Welcome to the boards.  First of all, please just wait for the pathology report to come back before you start worrying.  Case in point - there was a woman here posting that her husband went in for a colonoscopy and they found a big tumor and they took a biopsy but said it looked like cancer.  Who would not think that since doctor's should know.  She said that pathology hadn't come back yet but they were scheduled for other tests.  Her husband's report finally came back and the results were not cancerous and therefore she was relieved and she no longer is on the board.  I'm not saying that you shouldn't worry or be concerned, but sometimes it's not what it seems.  If you do have it, then you will deal with it.  Never is anyone happy with the diagnosis but it is doable.  We are a very wonderful group that is here for anything you need to give you our experience and our support.  They probably will do a CEA marker test on you if they haven't already.  That is a cancer marker for CC but it's not always accurate, if it is though it can be a good indication for return of the disease.  You don't always have symptoms and more people don't have it than do, unfortunately.  You could have caught it very early and that was good that you went in when you did.  Wishing you a great outcome on the path report and please let us know what it said and if there is anything we can help you understand.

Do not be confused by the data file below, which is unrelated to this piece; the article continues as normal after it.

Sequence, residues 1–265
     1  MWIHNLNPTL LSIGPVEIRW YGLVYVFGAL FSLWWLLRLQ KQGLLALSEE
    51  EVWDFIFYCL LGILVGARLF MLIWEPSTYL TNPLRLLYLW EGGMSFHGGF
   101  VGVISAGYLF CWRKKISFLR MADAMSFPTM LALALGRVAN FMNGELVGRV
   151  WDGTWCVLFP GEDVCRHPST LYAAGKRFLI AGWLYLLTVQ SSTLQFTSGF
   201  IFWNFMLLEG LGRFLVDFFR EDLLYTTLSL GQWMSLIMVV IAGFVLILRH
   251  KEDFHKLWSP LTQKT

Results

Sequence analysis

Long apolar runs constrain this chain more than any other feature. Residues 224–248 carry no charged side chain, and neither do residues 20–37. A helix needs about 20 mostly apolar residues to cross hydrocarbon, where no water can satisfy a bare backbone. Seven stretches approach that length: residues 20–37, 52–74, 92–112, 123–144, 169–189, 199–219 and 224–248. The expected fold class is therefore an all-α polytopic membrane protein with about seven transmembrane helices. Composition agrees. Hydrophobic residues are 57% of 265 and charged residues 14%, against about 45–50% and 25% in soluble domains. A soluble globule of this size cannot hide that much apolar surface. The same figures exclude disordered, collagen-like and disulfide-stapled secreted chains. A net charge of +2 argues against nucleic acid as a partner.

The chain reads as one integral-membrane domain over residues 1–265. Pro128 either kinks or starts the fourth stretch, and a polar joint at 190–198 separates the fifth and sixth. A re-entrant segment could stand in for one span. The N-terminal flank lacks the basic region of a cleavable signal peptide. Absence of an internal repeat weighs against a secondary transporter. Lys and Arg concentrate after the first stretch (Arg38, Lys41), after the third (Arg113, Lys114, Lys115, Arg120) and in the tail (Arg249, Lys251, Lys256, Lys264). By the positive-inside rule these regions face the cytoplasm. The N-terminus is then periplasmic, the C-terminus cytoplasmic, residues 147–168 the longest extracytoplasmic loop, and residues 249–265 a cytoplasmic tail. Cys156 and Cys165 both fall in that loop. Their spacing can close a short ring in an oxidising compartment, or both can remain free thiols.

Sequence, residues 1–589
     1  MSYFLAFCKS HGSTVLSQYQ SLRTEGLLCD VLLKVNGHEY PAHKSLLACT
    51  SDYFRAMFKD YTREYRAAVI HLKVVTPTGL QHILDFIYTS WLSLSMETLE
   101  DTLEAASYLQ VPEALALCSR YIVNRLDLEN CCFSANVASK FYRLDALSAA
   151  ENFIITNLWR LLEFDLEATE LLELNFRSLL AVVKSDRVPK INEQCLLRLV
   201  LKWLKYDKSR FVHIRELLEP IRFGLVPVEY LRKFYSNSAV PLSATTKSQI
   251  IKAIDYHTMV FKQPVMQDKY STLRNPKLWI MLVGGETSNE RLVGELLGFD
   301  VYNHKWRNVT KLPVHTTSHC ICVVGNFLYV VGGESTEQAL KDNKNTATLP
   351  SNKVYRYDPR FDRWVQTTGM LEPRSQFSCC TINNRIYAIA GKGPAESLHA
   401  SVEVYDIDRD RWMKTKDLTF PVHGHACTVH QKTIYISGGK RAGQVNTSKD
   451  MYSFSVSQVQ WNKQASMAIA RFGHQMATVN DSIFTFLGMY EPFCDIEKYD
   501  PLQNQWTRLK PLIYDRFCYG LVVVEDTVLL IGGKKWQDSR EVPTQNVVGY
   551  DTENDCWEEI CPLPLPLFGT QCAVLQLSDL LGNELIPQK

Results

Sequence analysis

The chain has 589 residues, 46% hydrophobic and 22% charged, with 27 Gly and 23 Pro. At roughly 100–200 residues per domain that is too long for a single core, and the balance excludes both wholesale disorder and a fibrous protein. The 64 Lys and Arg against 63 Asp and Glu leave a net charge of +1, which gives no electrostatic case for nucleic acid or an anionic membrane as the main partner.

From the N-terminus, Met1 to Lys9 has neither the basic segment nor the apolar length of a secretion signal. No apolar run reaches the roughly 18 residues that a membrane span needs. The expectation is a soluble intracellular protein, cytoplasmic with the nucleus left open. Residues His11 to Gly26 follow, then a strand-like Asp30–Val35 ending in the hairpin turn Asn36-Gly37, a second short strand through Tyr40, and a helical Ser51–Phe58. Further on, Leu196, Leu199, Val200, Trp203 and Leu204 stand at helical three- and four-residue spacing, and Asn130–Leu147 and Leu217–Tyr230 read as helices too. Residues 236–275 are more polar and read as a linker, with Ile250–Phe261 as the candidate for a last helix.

tootsie1's picture
Posts: 5054
Joined: Feb 2008

I think one of the maddening things about this disease is that it can manifest itself to differently with different people. As some have said, they diagnosed at Stage 3 or 4 and had no symptoms. I was fortunate enough to be diagnosed at Stage 1 and had some severe pain. Since I have had IBS for a long time, I passed those symptoms off. I went to the hospital when I went to the bathroom one day and produced a toilet bowl full of blood. Quite shocking! Good luck with it all. You might well be as fortunate as I have been, and I pray that will be the case.



Posts: 26
Joined: May 2012

He is a board certified CRC surgeon on Park Ave. in Edison. Best in the area. Works out of JFK mostly but you're not too far. I had my chemo through Princeton medical associates. Sloan is one of the best and just over the bridge. They have a satellite office in Basking Ridge too.

Good luck with everything,


Posts: 25
Joined: May 2014

I think I'm the lady Kim was referring to and I agree - you never know until you receive the pathology reports. After my husband's colonoscopy, we were told he had colon cancer, would need surgery and then - if it had spread - chemo and/or radiation. The doctor termed it a large mass/tumor. My husband was sent for more tests and to a specialist. Turns out it was NOT cancer at all. It was a large flat polyp that was removed through a colonoscopy using an EMR procedure - EMR stands for Endoscopic Mucosal Resection. He did not need surgery at all but there was only one doctor in the city who could remove it this way and she did it successfully. Further tests still showed no cancer.

I'll keep you in my prayers and thoughts and I'm hoping it's good news.

Posts: 19
Joined: Aug 2014